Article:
(Anon. Towards transparency. Nature Geoscience 7, 777 (2014) doi:10.1038/ngeo2294. Published online 30 October 2014; Aleksic, Jelena, Adrian Alexa, Teresa K. Attwood, Neil Chue Hong, Martin Dahlö, Robert Davey, Holger Dinkel, et al. “An Open Science Peer Review Oath.” F1000Research 3 (2014): 271. doi:10.12688/f1000research.5686.2)

But the “Dr. Smith” who is behind the BX Protocol, if he is a scientist, is alone in thinking that peer review, the methodology that led to the publication of 26 million journal articles in the PubMed database, are part of a scheme to defraud the public. The BX Protocol site reads:

“[Dr. Smith] is adamantly opposed to the peer review process, which he describes as a flawed process at the heart of journalistic pseudoscience.” (, emphasis added)

I agree with the Open Science Peer Review Oath (2014):

“Peer review is the lynchpin of the [scientific] publishing system.”

Scientific articles are generally not published without other scientists in the same or related fields have a chance to offer input, criticism or suggestions. Of course it is “flawed”–almost everything worthwhile in life is flawed to some degree. But it is also indispensable.

To be clear, there are zero references to the “BX Protocol” or “BX Energy Catalyst” among the 26 million articles in PubMed. When the BX authors cite a laboratory study in China, they do not state where in that giant country the alleged work took place. How then is one supposed to question the researchers about their results or see if the BX Web site’s interpretation of their findings is correct. Without transparency, we cannot be sure that this “study” ever really took place. When there is so much money at stake, people have been known to do worse things than fabricate false studies.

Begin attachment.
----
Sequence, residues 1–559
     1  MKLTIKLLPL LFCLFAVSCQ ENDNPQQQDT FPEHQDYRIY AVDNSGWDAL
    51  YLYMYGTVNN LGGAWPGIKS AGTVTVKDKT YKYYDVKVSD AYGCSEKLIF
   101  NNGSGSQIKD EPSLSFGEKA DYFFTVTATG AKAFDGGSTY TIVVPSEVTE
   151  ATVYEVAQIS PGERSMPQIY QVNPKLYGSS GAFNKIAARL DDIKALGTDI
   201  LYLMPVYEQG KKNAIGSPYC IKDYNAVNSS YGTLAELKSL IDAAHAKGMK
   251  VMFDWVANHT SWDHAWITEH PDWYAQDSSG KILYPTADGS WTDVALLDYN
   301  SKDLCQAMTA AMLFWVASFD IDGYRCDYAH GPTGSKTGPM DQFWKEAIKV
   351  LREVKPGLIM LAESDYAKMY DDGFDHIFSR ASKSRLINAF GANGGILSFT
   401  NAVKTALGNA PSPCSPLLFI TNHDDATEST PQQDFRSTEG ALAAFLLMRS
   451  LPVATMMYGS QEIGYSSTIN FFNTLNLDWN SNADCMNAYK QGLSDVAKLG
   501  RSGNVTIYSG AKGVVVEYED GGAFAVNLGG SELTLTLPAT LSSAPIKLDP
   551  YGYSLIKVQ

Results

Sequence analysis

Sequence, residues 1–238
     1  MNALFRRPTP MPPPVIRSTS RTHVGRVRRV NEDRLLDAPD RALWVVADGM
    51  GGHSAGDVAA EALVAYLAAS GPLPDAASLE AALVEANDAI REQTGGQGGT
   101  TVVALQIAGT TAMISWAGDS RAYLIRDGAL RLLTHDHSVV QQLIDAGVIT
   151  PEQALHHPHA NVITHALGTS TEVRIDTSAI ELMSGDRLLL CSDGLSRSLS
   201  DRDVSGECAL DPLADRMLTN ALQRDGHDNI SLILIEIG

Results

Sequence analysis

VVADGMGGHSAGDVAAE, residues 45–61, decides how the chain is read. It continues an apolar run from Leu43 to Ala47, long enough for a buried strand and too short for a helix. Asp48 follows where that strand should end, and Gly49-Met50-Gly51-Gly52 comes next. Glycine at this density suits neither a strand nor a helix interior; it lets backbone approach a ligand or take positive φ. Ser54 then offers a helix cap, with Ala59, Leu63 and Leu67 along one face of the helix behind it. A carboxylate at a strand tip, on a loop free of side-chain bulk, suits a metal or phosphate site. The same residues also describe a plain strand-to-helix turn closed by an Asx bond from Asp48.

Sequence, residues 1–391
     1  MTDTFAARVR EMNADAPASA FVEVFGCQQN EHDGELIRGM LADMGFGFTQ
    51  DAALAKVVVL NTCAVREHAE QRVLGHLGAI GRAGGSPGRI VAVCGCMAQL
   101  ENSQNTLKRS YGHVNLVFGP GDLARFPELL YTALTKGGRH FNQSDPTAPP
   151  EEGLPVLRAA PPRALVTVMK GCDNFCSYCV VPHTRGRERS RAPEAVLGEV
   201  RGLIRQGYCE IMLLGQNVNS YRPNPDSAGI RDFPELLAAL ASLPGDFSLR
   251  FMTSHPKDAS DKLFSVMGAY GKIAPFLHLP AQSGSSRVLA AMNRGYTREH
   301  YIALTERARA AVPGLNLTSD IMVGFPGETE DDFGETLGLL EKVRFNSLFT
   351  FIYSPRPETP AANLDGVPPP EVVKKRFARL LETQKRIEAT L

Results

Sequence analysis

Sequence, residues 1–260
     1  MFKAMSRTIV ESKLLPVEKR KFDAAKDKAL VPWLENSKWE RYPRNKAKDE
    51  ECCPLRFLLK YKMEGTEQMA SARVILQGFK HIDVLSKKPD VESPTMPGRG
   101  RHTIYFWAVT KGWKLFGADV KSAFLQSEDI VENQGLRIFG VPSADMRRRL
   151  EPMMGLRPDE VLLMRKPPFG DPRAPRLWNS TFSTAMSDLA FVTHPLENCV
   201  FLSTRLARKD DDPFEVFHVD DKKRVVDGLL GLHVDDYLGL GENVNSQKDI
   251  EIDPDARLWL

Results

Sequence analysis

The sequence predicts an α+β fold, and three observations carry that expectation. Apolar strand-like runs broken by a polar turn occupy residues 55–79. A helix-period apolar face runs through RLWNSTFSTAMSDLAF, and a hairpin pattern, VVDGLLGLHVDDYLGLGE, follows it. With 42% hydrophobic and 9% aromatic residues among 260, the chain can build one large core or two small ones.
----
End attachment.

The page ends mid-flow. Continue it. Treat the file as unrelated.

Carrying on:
In addition, the BX Protocol authors urge patients to eat a so-called “Delta Diet,” which from their description is composed almost entirely of grains and vegetables.

“It is expected that 50-60 percent of your daily food consumption be derived from whole grains and 25-30 percent from fresh vegetables. Of the 25 to 30 precent required for vegetables, you can achieve this through a mix of cooked, raw and juiced vegetables daily.”

Are they unaware that over 50 percent of the US population is now either diabetic or pre-diabetic? Related to this is the fact that two-thirds of the US population is also overweight or obese. Together these add up to the “diabesity” epidemic.

(Menke A, Casagrande S, Geiss L, and Cowie CC. “PRevalence of and Trends in Diabetes among Adults in the United States, 1988-2012.” JAMA 314, no. 10 (September 8, 2015): 1021 29.doi:10.1001/jama.2015.10029; (

Grains, even so-called ‘healthy’ whole grains, are a major dietary source of carbohydrates, and thus will lead to elevated blood sugars in people who are susceptible. Fruit and vegetable juices are also particularly high in carbohydrates (sugars). The same is true of root vegetables, like carrots and beets. This also impacts the growth of cancer, since most cancers are fueled by a process called “aerobic glycolysis,” which requires an abundance of glucose in the blood. So diets for cancer patients that are high in carbs are defying the most basic fact about cancer metabolism–it’s avidity for glucose. Otto Warburg won the Nobel Prize for this work in 1931, but apparently the word has not reached some people who write about cancer.